Find your place at BYU

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Flying ping pong balls, jamming musicians, lively dancers and flashing swords do have something in common — BYUSA Clubs Night.

Students flock to the Wilkinson Center every Tuesday night to find their passion  and place at BYU. At Clubs Night students participate in and find new hobbies. They enjoy refreshments and get punch cards to earn prizes for every eight times they come. Many of the clubs are free, but some require club dues. Each club is different, and students can find more information on the BYUSA clubs website.

[/media-credit] BYU students can find clubs for any interest at Clubs Night
According to BYUSA volunteer Nick Jensen, a sophomore from Cedar Hills, it is important for students to be involved and take a break from the stress of school.

“This is a great opportunity to get involved, meet new people and relax from homework,” Jensen said. “As students, we often don’t spend enough time doing stuff that we just enjoy.”

While only some of the clubs are highlighted below, Jensen said there are clubs for everyone.

Footlights

Footlights is a music writing and performing club that gives BYU musicians performing opportunities on and off campus. Tuesdays feature an open mic night, where anyone can come perform.

Mary Jackson, a junior from Travelers Rest, S.C., studying computer science, said she loves writing music and has been with Footlights since her freshman year.

“I found the club through the BYU clubs website,” Jackson said. “I got involved even before I got to Utah.”

The club also hosts song-writing workshops each semester. Club members often perform at other campus events and shows the club organizes.

Y Juggle

“Y Juggle” gives the amateur or seasoned juggler the opportunity to learn new skills and be a part of the juggling community. Sarah Wetzel, a senior from Tucson, Ariz., and president of Y Juggle, said the club is perfect for anyone at any skill level.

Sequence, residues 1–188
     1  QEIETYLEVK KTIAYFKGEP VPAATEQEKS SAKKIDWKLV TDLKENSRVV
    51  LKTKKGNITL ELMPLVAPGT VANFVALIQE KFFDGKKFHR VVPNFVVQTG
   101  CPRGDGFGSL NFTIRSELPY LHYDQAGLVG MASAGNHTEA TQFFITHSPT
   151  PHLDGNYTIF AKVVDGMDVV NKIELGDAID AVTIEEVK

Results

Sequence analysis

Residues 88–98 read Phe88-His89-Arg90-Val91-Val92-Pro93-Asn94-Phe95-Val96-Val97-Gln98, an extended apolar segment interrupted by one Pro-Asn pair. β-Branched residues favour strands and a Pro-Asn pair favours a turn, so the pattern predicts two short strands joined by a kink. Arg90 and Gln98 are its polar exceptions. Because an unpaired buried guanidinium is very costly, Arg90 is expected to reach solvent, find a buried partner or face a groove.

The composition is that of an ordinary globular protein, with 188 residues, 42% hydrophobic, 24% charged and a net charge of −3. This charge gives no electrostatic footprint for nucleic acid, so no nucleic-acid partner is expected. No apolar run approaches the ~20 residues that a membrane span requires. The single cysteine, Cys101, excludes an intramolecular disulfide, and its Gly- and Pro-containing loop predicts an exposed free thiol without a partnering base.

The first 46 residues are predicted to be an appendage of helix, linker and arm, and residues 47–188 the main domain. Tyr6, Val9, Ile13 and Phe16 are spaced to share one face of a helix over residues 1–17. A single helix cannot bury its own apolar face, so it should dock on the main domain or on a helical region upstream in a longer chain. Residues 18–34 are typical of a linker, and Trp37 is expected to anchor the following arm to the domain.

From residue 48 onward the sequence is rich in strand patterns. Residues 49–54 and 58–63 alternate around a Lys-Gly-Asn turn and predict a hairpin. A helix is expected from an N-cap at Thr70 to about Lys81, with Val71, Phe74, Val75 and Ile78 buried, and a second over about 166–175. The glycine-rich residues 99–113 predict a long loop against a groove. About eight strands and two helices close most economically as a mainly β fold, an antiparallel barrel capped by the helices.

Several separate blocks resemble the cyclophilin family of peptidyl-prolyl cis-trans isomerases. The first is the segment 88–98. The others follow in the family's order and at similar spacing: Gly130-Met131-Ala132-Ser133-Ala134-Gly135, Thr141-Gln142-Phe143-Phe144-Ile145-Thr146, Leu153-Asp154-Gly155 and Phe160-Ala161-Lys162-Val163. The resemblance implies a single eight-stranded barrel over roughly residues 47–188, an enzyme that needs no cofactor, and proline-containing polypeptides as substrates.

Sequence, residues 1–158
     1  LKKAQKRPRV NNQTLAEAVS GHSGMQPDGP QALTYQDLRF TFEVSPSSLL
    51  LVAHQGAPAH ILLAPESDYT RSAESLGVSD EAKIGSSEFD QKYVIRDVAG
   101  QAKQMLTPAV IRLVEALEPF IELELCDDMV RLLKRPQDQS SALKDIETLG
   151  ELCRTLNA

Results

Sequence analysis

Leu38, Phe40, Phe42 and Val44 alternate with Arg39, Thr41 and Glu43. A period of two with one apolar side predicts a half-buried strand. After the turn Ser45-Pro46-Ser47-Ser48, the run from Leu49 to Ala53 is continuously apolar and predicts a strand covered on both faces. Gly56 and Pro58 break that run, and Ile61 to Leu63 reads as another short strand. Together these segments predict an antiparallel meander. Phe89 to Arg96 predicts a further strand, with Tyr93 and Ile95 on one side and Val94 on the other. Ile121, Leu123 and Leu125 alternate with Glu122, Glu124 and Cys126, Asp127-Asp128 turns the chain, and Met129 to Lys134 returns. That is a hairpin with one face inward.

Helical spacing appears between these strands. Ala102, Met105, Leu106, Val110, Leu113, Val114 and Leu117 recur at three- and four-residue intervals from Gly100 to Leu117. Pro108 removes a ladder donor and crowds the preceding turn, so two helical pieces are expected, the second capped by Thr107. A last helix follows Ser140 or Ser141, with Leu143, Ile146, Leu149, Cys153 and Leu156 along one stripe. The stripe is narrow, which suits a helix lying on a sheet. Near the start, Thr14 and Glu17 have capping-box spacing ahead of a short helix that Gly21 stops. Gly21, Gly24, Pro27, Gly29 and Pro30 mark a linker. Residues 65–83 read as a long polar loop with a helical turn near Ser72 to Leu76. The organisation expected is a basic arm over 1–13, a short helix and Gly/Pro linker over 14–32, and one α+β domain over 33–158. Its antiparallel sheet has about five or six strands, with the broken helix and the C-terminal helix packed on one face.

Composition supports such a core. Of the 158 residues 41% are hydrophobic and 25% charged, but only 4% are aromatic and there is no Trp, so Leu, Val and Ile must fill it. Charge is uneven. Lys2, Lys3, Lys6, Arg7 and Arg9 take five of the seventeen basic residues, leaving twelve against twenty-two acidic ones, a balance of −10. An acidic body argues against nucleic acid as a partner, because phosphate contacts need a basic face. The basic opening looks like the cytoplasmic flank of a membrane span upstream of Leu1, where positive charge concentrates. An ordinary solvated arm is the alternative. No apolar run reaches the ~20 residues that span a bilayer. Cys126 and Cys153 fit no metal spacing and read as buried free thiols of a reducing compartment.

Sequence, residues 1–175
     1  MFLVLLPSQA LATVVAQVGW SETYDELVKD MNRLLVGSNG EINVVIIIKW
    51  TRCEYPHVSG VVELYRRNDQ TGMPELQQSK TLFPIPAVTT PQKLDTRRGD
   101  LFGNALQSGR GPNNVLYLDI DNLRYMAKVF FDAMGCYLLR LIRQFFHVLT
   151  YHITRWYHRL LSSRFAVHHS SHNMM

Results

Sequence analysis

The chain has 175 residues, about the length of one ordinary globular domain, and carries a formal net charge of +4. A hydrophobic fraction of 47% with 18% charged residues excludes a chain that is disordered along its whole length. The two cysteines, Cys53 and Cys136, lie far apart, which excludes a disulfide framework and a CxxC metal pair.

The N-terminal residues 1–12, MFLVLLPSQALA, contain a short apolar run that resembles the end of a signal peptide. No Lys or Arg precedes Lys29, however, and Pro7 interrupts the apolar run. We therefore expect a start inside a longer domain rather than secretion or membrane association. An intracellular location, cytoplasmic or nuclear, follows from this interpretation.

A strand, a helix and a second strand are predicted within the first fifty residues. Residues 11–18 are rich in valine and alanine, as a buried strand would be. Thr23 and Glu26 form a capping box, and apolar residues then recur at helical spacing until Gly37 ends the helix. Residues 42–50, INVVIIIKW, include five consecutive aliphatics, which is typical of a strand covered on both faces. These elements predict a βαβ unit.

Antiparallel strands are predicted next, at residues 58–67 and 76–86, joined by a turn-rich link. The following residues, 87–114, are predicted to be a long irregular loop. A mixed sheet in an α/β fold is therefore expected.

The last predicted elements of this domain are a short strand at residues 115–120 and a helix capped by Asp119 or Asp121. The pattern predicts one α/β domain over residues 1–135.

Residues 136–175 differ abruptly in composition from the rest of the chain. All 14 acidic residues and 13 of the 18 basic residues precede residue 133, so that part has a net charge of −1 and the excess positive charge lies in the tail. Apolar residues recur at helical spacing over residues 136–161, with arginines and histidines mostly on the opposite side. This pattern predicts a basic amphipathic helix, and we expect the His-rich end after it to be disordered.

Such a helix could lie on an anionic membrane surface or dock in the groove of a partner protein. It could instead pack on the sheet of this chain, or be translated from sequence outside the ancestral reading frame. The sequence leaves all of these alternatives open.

“It’s the perfect place to learn to juggle,” Wetzel said. “You don’t feel inferior because there are so many levels of ability and everyone is here to get better. We teach each other.”

Quark

Quark treasurer Ben Keley, a senior from Farmington, N.M., characterizes this club as the “all-around nerd club for all things science fiction and fantasy.” He said he loves the club because it gives him the chance to find and make friends who share his interests. Keley, who is studying English language, said the club also provides opportunities for its members to learn about science fiction and fantasy writing.

“The club has given me good opportunities to become a better writer,” he said. “We had author Brandon Sanderson come speak to us, which was great.”

The club meets Tuesdays to play board games and other nights during the week to watch and discuss science fiction and fantasy films.

Salsa Club

The salsa club provides a lively atmosphere where BYU students can learn new dance moves and meet new people. Carlie Hibbert, a junior from Pittsfield, Ill., studying international relations, said she joined the club to become part of the dancing tradition at BYU.

“I love to dance, so I thought I’d try salsa,” Hibbert said. “BYU is known for its dancing and its dancing clubs, and that’s something I wanted to be a part of.”

The salsa club meets in the Garden court each Tuesday and holds dance lessons and then sets its members loose to dance the night away.

These clubs are only a snapshot of the more-than 80 clubs on campus that made the journey from one student’s interest to a community of friends. Students can create their own clubs for any reason as long as they follow the submission process. There is a place for everyone at BYU.

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